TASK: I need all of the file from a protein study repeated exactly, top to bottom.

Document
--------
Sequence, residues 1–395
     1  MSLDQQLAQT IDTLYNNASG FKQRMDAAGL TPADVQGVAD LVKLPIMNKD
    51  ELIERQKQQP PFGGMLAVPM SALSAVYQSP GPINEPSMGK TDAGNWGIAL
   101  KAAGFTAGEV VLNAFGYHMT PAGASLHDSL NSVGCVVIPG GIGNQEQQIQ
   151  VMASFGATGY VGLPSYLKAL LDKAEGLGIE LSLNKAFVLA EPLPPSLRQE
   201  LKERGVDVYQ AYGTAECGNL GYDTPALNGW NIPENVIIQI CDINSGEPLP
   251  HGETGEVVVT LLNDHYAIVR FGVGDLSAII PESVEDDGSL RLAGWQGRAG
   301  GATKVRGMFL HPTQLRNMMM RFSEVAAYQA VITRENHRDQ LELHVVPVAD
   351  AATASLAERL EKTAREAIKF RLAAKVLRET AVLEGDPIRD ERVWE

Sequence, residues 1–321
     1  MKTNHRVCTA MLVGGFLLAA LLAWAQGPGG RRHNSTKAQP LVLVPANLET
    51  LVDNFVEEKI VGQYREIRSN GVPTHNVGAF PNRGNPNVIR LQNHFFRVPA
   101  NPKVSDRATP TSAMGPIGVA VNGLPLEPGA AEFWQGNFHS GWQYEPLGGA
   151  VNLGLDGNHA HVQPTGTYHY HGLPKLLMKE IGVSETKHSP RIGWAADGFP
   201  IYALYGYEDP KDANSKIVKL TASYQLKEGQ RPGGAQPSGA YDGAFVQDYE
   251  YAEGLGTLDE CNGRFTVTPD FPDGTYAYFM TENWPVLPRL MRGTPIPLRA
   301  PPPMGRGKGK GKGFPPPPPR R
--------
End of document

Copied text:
Sequence, residues 1–395
     1  MSLDQQLAQT IDTLYNNASG FKQRMDAAGL TPADVQGVAD LVKLPIMNKD
    51  ELIERQKQQP PFGGMLAVPM SALSAVYQSP GPINEPSMGK TDAGNWGIAL
   101  KAAGFTAGEV VLNAFGYHMT PAGASLHDSL NSVGCVVIPG GIGNQEQQIQ
   151  VMASFGATGY VGLPSYLKAL LDKAEGLGIE LSLNKAFVLA EPLPPSLRQE
   201  LKERGVDVYQ AYGTAECGNL GYDTPALNGW NIPENVIIQI CDINSGEPLP
   251  HGETGEVVVT LLNDHYAIVR FGVGDLSAII PESVEDDGSL RLAGWQGRAG
   301  GATKVRGMFL HPTQLRNMMM RFSEVAAYQA VITRENHRDQ LELHVVPVAD
   351  AATASLAERL EKTAREAIKF RLAAKVLRET AVLEGDPIRD ERVWE

Sequence, residues 1–321
     1  MKTNHRVCTA MLVGGFLLAA LLAWAQGPGG RRHNSTKAQP LVLVPANLET
    51  LVDNFVEEKI VGQYREIRSN GVPTHNVGAF PNRGNPNVIR LQNHFFRVPA
   101  NPKVSDRATP TSAMGPIGVA VNGLPLEPGA AEFWQGNFHS GWQYEPLGGA
   151  VNLGLDGNHA HVQPTGTYHY HGLPKLLMKE IGVSETKHSP RIGWAADGFP
   201  IYALYGYEDP KDANSKIVKL TASYQLKEGQ RPGGAQPSGA YDGAFVQDYE
   251  YAEGLGTLDE CNGRFTVTPD FPDGTYAYFM TENWPVLPRL MRGTPIPLRA
   301  PPPMGRGKGK GKGFPPPPPR R